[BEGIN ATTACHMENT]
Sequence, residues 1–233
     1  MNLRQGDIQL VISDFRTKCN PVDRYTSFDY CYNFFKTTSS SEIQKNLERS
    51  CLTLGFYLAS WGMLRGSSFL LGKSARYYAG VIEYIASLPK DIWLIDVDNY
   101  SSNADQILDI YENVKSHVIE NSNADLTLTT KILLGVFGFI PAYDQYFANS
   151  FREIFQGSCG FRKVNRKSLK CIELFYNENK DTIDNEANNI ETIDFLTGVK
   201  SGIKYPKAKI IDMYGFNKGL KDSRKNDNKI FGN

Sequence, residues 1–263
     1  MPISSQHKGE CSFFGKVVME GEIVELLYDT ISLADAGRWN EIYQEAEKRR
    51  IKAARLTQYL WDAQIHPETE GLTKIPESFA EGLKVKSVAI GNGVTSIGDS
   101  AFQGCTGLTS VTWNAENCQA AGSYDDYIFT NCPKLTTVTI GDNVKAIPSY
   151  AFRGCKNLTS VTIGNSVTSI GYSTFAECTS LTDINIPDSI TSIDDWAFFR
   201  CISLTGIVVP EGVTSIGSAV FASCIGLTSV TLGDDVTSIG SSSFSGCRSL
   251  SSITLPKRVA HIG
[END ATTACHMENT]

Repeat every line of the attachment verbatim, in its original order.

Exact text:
Sequence, residues 1–233
     1  MNLRQGDIQL VISDFRTKCN PVDRYTSFDY CYNFFKTTSS SEIQKNLERS
    51  CLTLGFYLAS WGMLRGSSFL LGKSARYYAG VIEYIASLPK DIWLIDVDNY
   101  SSNADQILDI YENVKSHVIE NSNADLTLTT KILLGVFGFI PAYDQYFANS
   151  FREIFQGSCG FRKVNRKSLK CIELFYNENK DTIDNEANNI ETIDFLTGVK
   201  SGIKYPKAKI IDMYGFNKGL KDSRKNDNKI FGN

Sequence, residues 1–263
     1  MPISSQHKGE CSFFGKVVME GEIVELLYDT ISLADAGRWN EIYQEAEKRR
    51  IKAARLTQYL WDAQIHPETE GLTKIPESFA EGLKVKSVAI GNGVTSIGDS
   101  AFQGCTGLTS VTWNAENCQA AGSYDDYIFT NCPKLTTVTI GDNVKAIPSY
   151  AFRGCKNLTS VTIGNSVTSI GYSTFAECTS LTDINIPDSI TSIDDWAFFR
   201  CISLTGIVVP EGVTSIGSAV FASCIGLTSV TLGDDVTSIG SSSFSGCRSL
   251  SSITLPKRVA HIG